Friday, July 1, 2011

After Dark

A while back, there was a question posted in the comments asking about visibility at night. At first glance, the average person would assume that an airport is well-lit, perhaps even brightly illuminated. Considering all the runway and taxiway lights, along with the approach light systems (and don't forget the airport beacon!), not to mention all the landing and position lights and flashing strobes on the airplanes themselves, that seems a reasonable assumption. Here's the reality:

This is a shot of the east end of the 25 complex, as seen from the tower at around midnight. To give you a better idea of what's in the picture, here's a shot of the ground radar taken at the same time*:

As you can now see, there is a departure on the roll, and about a dozen aircraft lined up on Taxiway Bravo, waiting for departure. This is what an airplane looks like on the taxiway as it passes the tower:

This Frontier Airbus has just turned out of the C-8 alley onto Taxiway B; this is about as good a look at it on the taxiway as we can get at night.

Here are more shots, but these show the traffic lined up on the 105 freeway last night.

While an airport seems to have a lot of lights, and it does, the reality is that in most places the airport is darker than the city surrounding it. Once upon a time, when the airports were out away from town, this wasn't the case. But nowadays, as one of my flight instructors once told me, to find the airport (as a pilot) look for the dark spot!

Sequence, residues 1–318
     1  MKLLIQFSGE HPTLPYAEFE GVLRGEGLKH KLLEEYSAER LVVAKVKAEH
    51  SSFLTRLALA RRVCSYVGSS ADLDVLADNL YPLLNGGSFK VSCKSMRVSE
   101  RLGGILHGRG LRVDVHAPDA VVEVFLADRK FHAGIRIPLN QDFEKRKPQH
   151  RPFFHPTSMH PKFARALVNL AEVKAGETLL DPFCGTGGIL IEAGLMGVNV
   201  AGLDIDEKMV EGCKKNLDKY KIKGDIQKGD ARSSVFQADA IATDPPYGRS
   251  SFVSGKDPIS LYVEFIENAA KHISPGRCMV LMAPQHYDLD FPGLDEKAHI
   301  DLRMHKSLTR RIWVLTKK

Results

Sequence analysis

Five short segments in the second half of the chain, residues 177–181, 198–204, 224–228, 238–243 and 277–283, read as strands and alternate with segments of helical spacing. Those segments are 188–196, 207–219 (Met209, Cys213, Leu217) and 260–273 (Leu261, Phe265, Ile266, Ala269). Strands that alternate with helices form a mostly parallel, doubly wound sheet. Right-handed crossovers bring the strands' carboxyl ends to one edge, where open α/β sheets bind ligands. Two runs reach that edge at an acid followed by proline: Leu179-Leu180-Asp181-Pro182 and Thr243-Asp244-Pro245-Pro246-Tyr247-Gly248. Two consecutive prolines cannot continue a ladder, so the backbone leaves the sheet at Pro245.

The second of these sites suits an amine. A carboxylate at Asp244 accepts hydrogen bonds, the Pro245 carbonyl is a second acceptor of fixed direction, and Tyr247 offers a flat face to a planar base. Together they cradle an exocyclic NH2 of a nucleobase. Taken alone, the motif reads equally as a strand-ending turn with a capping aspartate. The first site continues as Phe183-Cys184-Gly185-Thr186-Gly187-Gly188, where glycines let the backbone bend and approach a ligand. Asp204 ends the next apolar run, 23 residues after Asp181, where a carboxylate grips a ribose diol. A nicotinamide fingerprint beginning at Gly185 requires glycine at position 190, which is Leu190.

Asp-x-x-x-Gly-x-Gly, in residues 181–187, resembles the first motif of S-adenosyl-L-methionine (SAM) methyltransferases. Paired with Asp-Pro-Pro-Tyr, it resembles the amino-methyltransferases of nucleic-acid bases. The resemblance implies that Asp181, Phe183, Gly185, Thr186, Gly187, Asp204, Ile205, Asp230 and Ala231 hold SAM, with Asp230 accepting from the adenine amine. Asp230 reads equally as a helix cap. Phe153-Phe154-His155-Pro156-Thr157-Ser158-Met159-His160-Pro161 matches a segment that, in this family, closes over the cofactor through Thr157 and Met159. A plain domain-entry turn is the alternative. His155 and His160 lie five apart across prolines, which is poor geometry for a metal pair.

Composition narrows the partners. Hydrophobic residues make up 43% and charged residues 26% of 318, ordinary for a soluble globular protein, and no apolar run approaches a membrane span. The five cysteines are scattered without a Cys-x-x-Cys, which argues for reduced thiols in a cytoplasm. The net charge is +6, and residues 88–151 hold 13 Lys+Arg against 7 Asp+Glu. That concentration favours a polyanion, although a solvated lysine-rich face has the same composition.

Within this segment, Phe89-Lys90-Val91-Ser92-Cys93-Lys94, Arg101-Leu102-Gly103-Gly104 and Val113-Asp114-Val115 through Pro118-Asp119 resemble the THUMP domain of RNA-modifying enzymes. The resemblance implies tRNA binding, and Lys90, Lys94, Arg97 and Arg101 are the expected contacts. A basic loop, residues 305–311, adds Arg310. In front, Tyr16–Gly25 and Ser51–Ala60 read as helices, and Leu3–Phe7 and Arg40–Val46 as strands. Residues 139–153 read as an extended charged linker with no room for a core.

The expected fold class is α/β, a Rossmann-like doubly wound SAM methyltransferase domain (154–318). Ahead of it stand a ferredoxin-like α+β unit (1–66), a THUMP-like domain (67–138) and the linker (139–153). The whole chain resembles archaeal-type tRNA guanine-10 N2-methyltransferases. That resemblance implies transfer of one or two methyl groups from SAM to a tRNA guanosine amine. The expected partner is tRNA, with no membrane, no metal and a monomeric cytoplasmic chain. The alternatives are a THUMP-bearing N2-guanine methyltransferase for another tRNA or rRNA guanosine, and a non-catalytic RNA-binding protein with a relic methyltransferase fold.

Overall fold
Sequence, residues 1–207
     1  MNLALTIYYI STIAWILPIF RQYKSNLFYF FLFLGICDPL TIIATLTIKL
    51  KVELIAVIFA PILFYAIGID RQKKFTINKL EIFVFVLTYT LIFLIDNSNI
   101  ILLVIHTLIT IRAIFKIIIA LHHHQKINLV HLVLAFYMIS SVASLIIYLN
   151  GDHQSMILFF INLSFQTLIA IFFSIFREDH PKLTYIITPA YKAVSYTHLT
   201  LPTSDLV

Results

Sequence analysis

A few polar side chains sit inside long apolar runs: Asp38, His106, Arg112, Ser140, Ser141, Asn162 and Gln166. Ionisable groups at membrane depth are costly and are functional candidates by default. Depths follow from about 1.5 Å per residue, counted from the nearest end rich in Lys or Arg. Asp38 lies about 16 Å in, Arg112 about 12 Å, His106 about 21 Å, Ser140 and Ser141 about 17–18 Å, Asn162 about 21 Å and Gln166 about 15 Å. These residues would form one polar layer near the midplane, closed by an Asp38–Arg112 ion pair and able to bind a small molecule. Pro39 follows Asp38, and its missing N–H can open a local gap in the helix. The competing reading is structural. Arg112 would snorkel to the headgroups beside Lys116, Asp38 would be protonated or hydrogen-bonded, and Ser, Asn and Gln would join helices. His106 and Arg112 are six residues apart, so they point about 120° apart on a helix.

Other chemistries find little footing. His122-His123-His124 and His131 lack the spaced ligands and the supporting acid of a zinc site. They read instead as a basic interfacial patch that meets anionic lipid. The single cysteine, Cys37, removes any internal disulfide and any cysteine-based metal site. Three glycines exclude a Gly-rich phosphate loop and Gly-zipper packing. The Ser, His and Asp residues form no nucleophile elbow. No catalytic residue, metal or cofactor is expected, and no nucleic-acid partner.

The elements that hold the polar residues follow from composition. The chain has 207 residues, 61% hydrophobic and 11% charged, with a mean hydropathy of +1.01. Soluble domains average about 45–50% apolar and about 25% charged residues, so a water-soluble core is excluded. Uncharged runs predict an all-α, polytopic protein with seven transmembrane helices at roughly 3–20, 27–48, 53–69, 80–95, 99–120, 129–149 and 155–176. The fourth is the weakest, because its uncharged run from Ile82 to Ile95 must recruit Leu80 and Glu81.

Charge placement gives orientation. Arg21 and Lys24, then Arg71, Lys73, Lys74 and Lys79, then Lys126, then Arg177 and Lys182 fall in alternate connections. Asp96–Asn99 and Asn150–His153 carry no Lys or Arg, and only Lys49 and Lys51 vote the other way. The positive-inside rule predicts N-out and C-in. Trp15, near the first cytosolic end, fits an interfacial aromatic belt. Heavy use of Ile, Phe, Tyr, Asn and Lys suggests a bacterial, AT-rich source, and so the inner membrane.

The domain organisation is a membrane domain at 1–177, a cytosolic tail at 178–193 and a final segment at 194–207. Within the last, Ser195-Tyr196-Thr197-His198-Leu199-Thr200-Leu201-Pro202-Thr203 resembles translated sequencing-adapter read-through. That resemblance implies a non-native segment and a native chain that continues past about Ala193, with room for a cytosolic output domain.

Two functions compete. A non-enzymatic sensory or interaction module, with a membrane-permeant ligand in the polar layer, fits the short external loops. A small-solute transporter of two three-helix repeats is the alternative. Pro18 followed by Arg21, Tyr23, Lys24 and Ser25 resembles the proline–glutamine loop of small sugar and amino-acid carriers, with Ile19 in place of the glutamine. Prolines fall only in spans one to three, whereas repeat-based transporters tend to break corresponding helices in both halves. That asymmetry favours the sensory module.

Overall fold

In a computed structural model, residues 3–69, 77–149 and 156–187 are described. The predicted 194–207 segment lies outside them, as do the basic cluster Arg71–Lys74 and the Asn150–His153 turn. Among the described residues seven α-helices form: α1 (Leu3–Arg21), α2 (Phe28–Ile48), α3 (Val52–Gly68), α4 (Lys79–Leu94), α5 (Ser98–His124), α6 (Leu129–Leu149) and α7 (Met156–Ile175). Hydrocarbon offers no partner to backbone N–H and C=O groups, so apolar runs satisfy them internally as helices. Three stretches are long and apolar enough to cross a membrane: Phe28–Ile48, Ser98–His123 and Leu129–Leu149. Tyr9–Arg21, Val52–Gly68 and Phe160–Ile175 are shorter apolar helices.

*- A bit of explanation is in order: It was about half-past midnight when this picture of the ground radar was taken, and we were in the over-ocean configuration, which is standard procedure when wind and weather allow. In this configuration, arrivals come in from over the ocean and land on Runway 6 Right, while departures take off Runway 25 Right over the ocean and make an immediate turn to the south away from the arrivals. Thus all the departures are on one side of the airport, while the other side appears (at this particular moment) to be ghost town. All the areas marked in red are closed, including Runway 25 Left. If you look just above the really red closed area (Taxiway C between P and C-12), you'll see AWE1448 and JBU480, both of whom park on the north side but are on their way to Runway 25 Right for departure. Behind them is UAL925, who has landed on Runway 6 Right and is now on his way to Gate 81. Slightly funny story: In front of them (by about a half-mile) is QFA26, who, when he called for taxi, said that he was sorry but that they needed to hold somewhere for about five minutes to burn fuel. Looking at the line, I told him that it wouldn't be a problem, as he was number seventeen for departure.

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